The head of the World Health Organization (WHO) told a virtual meeting of the G20 leading global economies on Sunday that although it was encouraging for some countries to be planning to ease lockdowns against COVID-19, “it is critical that these measures are a phased process”.
Tedros Adhanom Ghebreyesus reiterated the UN’s appreciation committing to further strengthen WHO’s mandate in coordinating the international fight, noting that “all of your countries have been affected, and you are all at different stages of the response.”
I had three asks of @g20org health ministers today:— Tedros Adhanom Ghebreyesus (@DrTedros) April 19, 2020
1. Fight #COVID19 with determination, guided by science & evidence
2. Continue to support the global response
3. Work together to increase the production & equitable distribution of essential supplies & remove trade barriers. pic.twitter.com/mjSLicnqVV
With some countries such as Austria, Germany and Italy, beginning to announce an easing of restrictions in line with encouraging data such as falling caseloads and hospital deaths, Tedros said it was key to see lifting so-called lockdown restrictions as “not the end of the epidemic in any country; it’s just the beginning of the next phase.
“It’s vital in this next phase that countries educate, engage and empower their people to prevent and respond rapidly to any resurgence”, he said adding that it was essential to ensure they have capacity to “detect, test, isolate and care for every case, and trace every contact, and to ensure their health systems have the capacity to absorb any increase in cases.”
He welcomed a pledge from G20 chair, Saudi Arabia of $500 million to support global efforts against the pandemic, including concrete action with the G20 Global Innovation Hub for Improving Value in Health, the Digital Health Task Force and the Global Patient Safety Leaders Group.
The WHO chief said he was deeply concerned that the virus now appears to be “gathering pace in countries that lack the capacity of many G20 countries to respond to it. Urgent support is needed, not only to support countries to respond to COVID-19, but to ensure other essential health services continue.”
WHO sounded the alarm ‘loud and clear’
He added, in response to criticism from the US and other sceptics over WHO’s handling of the early stage of the international health emergency in China, that “since the beginning”, the agency had “sounded the alarm bell loud and clear.”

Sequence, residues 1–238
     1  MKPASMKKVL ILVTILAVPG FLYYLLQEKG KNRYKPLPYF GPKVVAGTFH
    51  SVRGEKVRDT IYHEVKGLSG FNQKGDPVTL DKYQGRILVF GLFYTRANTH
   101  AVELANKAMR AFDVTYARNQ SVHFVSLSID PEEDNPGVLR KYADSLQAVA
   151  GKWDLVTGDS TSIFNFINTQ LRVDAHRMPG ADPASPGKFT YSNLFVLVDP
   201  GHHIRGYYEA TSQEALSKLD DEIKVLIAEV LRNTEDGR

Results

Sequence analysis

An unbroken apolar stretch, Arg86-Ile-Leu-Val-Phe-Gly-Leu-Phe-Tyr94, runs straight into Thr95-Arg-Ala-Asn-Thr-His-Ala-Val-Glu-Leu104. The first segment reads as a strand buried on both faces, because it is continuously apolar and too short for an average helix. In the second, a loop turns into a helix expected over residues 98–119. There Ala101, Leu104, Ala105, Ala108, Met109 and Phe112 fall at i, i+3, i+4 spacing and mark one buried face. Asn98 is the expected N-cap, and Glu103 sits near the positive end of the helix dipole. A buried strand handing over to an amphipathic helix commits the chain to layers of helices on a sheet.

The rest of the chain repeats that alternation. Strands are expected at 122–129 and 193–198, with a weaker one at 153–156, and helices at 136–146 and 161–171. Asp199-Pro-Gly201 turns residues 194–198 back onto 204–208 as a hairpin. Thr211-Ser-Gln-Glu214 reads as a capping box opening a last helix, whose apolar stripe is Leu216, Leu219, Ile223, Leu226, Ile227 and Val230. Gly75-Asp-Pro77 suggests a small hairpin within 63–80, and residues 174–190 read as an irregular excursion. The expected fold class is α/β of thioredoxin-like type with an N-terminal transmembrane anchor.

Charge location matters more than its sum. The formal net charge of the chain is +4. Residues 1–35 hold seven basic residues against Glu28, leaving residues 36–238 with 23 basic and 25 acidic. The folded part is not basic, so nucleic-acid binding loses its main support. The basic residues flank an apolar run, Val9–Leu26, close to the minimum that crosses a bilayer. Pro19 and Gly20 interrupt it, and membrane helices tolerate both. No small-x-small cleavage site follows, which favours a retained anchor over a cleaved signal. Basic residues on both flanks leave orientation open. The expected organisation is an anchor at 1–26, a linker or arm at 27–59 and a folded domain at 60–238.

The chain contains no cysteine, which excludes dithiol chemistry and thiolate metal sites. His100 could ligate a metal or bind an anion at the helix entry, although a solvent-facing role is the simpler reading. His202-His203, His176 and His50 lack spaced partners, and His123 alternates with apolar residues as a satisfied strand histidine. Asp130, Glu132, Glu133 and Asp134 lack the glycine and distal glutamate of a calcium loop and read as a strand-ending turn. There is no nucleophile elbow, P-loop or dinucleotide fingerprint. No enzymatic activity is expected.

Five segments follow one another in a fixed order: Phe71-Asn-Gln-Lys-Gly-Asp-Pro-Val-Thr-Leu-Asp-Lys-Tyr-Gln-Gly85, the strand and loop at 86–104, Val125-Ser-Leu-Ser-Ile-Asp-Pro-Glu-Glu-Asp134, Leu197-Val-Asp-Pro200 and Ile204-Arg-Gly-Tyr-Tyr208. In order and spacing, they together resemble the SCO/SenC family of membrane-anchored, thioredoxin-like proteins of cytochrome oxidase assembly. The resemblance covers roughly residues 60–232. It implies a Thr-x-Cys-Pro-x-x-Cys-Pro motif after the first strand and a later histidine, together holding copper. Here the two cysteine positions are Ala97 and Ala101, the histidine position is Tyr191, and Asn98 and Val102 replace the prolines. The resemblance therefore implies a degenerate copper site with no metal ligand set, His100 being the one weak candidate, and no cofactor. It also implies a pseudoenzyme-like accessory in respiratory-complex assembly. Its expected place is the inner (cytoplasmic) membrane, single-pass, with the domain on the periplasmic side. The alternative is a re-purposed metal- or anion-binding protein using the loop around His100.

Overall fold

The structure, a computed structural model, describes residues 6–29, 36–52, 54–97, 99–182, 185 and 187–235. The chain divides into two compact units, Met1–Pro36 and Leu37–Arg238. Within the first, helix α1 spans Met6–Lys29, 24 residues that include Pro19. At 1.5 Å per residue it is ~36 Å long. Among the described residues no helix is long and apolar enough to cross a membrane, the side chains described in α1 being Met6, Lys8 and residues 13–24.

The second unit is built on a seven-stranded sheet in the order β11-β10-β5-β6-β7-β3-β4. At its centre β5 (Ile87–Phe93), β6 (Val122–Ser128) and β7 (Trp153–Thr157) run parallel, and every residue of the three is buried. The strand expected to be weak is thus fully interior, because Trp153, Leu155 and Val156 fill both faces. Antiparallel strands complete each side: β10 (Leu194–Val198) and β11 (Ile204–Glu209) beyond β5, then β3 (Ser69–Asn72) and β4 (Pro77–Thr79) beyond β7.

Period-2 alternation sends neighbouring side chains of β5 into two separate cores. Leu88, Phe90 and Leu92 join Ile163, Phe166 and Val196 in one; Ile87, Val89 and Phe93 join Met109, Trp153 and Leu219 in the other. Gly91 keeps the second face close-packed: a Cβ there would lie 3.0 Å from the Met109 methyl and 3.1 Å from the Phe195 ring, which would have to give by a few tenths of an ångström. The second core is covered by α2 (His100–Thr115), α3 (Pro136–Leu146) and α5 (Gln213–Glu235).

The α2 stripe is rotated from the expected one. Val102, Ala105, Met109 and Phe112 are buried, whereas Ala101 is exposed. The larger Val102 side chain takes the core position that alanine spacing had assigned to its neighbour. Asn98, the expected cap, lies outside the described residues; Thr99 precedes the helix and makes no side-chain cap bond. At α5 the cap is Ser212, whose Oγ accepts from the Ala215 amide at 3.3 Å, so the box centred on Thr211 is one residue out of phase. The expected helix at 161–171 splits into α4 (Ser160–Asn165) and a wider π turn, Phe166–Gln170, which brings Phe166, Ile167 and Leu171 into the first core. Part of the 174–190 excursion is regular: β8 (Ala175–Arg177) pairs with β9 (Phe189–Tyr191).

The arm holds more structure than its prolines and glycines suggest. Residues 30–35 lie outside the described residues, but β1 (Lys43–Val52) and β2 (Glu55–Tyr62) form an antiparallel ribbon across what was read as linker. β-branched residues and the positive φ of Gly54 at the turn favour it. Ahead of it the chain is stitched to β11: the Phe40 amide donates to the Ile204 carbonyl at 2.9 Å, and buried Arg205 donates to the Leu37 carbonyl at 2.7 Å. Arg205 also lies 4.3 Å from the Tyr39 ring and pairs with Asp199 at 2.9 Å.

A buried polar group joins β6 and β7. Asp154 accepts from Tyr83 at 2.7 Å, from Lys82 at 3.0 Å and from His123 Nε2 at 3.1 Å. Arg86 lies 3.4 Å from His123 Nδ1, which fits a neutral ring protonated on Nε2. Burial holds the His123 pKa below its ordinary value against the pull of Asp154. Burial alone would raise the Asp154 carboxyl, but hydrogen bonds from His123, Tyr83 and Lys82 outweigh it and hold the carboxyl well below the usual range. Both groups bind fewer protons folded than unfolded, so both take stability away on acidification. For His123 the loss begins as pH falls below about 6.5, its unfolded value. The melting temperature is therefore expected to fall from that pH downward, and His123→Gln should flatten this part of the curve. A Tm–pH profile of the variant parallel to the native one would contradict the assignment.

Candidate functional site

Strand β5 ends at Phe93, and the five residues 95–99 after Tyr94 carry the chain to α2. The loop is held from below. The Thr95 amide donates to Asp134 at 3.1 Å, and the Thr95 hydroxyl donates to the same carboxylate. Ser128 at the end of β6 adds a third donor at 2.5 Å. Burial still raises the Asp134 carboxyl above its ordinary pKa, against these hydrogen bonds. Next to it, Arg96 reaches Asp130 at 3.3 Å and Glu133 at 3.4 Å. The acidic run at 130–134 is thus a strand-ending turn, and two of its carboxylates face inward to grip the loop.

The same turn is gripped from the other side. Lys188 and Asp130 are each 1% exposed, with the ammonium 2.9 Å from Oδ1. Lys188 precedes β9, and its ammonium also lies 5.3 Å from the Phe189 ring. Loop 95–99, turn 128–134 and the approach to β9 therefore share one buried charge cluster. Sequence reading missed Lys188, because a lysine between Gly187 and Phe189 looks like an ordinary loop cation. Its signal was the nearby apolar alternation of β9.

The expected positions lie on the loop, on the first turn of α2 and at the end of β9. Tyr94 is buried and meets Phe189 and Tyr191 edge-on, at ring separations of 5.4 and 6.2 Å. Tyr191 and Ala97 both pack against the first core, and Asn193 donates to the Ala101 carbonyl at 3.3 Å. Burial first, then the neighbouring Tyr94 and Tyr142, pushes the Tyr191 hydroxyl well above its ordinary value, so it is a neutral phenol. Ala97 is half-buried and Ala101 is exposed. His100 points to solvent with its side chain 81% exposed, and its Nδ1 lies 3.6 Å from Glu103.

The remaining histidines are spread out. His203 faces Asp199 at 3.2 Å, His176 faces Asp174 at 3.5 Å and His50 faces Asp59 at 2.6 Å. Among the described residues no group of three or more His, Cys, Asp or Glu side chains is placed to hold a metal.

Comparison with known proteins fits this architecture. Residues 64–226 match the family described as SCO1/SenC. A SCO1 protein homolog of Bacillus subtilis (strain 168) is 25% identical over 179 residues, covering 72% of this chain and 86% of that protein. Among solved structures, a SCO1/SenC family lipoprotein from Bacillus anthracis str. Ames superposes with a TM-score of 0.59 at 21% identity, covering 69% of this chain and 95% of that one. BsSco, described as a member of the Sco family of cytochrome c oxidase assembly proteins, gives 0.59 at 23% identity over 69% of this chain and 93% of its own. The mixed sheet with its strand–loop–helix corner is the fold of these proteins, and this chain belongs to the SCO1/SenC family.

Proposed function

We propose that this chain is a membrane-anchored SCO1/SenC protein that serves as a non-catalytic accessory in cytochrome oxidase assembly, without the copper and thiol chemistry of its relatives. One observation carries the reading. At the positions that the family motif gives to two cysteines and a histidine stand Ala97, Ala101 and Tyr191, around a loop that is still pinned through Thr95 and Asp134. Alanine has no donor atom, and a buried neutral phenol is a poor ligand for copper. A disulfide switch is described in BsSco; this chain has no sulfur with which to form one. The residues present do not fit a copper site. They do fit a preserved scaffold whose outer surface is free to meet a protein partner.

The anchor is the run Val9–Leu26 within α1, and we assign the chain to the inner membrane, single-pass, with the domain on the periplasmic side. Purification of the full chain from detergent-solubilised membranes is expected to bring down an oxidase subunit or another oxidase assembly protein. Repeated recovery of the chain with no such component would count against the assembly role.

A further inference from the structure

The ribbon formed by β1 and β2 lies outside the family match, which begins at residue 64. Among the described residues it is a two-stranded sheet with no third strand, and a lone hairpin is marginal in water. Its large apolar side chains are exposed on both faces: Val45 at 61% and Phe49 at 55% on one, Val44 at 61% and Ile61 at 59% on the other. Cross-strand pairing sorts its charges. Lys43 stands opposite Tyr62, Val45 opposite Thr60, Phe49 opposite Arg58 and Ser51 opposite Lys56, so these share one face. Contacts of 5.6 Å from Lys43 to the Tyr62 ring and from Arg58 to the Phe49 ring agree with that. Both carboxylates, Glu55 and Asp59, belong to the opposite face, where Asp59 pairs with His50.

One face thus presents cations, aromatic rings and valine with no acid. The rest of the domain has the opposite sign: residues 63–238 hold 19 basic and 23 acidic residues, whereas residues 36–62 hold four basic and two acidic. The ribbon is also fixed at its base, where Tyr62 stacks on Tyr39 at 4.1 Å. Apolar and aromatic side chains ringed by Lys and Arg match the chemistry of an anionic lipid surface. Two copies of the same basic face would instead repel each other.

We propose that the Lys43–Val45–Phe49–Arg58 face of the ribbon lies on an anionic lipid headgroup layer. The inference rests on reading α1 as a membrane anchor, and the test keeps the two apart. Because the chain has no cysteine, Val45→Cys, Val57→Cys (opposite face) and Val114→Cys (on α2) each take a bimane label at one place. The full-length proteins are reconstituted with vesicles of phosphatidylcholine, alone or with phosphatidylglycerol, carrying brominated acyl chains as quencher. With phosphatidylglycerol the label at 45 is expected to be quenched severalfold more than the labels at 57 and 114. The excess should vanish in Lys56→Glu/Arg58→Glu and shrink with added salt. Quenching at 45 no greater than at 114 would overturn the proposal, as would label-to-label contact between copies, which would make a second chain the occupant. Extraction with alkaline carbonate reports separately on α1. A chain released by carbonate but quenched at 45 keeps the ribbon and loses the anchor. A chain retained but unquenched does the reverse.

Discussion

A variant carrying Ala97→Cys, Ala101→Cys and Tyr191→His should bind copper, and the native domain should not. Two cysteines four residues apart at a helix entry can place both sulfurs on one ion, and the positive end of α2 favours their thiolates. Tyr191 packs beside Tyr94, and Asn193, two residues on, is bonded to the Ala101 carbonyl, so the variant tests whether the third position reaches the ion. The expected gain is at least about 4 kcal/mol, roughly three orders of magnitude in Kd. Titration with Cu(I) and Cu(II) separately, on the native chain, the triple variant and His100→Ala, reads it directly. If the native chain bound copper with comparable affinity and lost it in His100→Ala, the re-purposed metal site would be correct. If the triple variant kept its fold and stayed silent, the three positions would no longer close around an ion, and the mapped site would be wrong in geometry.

“And we continue to fulfil our mandate to coordinate the global response, working with partners to save lives. We’ve engaged thousands of scientists and experts all over the world to develop detailed technical guidance for countries. We’ve shipped supplies of lab diagnostics and personal protective equipment to many countries, and expanded testing capacity.”
Tedros noted that WHO had provided training for more than 1.5 million health workers, launched the Solidarity Trial, to generate robust safety and efficacy data about the four drugs which could lead to a breakthrough in treatment to lower the fatality rate.
The international community has rallied in support of the global response, he told the G20, with more than $900 million pledged thus far for the agency’s Strategic Preparedness and Response Plan.
Through the UN Supply Chain Task Force, he said WHO was working with the World Food Programme (WFP) and other partners to distribute personal protective equipment to countries all over the world.
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Tedros concluded by making three requests of the most powerful economies on the planet: “First, we urge each of your countries to continue to fight the pandemic with determination, guided by science and evidence. Second, we are looking to the G20 countries to continue to support the global response to COVID-19.
We will soon publish a second Strategic Preparedness and Response Plan, with an estimate of the resources needed for the next phase of the response.
And finally, he called on all G20 countries to work together to increase the “production and equitable distribution” of essential supplies, and to remove trade barriers that put health workers and their patients at risk.
“The COVID-19 pandemic has reminded us of a simple truth: we are one humanity. We share the same planet. We share the same hopes and dreams. We share the same destiny”, he concluded.